Oh sorry, were you expecting a punchline? I’m afraid it’s my reflections on the blurry line between something that science says improves performance (an ergogenic aid) and a placebo (something that shouldn’t, but does).
I’m one of those people who considers the fruits of scientific research to be the bedrock of improving athletic performance, so studies like this recent offering from the University of Sao Paulo University are a useful but disconcerting reminder that that how the body responds to any stimulus cannot be separated from how the mind responds.
The Brazilian study looked at the effects of caffeine ingestion on performance in two cycling tests, compared to a control condition without caffeine. But here’s the thing: unbeknown to the subjects, the caffeine in the second trial was bogus and therefore could not exert any ergogenic (performance-enhancing) effect. So what happened in the three trials? Time to exhaustion and rate of perceived exertion (how hard the cyclists felt they worked) in both the real caffeine trial and the sham caffeine trial were better than in the control trial and barely different from each other. In other words, just thinking they’d had caffeine enabled the subjects to cycle harder, whether they had or not.
It was only a small study, admittedly, but it did remind me of an evening when I drank a cup of coffee shortly before bedtime, having been assured it was decaf, and went on to sleep soundly – only to be told by my host the next morning that I’d been Java-powered. A sort of reverse placebo effect… And that, in turn, reminded me of the time I got rather tipsy at a party, only to discover that I had been supping non-alcoholic beer all evening.
It demonstrates how powerfully our beliefs effect our reality – and, when it comes to running, performance. In 2015, researchers at the University of Glasgow recruited a group of runners to test a new drug purporting to mimic the endurance-boosting effects of the banned drug EPO. The runners took part in a 3km race and then injected the substance daily for seven days before repeating the 3km race. Not only did their performance improve by 1.2 per cent – 9.7 seconds (the equivalent of around two minutes off a marathon time), their perception of effort was lower and they recovered faster. Impressive stuff: especially when you learn that the ‘drug’ was actually a harmless saline solution.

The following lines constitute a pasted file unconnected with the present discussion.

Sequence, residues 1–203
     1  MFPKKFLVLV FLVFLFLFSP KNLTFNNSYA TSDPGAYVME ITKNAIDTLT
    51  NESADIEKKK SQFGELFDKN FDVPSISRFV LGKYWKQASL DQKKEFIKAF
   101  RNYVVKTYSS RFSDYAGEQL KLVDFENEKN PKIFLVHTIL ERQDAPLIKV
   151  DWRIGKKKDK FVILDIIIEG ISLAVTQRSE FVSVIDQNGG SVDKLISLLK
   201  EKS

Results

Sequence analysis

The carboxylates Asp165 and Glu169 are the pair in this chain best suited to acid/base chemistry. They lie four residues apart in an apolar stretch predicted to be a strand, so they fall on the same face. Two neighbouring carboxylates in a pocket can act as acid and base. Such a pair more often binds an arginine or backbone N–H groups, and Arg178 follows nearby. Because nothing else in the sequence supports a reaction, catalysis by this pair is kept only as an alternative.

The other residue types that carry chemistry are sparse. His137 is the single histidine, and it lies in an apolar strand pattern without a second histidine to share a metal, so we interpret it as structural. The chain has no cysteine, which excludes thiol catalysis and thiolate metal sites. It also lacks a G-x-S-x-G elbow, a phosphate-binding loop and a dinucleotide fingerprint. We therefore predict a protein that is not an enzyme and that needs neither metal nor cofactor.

In other research, exercisers bounced back from an intense workout after bathing for 15 minutes in lukewarm water containing a special ‘recovery oil.’ Their recovery – gauged by pain levels, leg strength and readiness to exercise again – was significantly faster than a control group who bathed in plain warm water.
The fact that the mind can exert such a strong influence over the body through the courage of its convictions throws into question how much sway scientific research should hold over what we do, or don’t do, in our efforts to run and recover faster. It certainly suggests there is a Tinker Bell element to it – you have to believe in the pills, potions and practices you invest in to run better and consider ditching the ones that, deep down, you don’t think play any role in aiding performance.
And that brings me to one final study to share, regarding the thorny issue of whether stretching is important or not for runners. The researchers found that when half a group of committed stretchers were instructed not to stretch before their runs for 16 weeks, they suffered more injuries than their peers who continued to stretch. Conversely, half of a group of non-stretchers were asked to stretch pre-run for the same period while their fellow stretch shirkers carried on as usual. Once again, it was those who were asked to act in a way that did not fit with their beliefs that got the most injuries.
What was on trial in this study wasn’t stretching at all, but what we believe about it. And that leads me to conclude that perhaps the biggest ergogenic aid of all is the one we already have – sitting between our ears.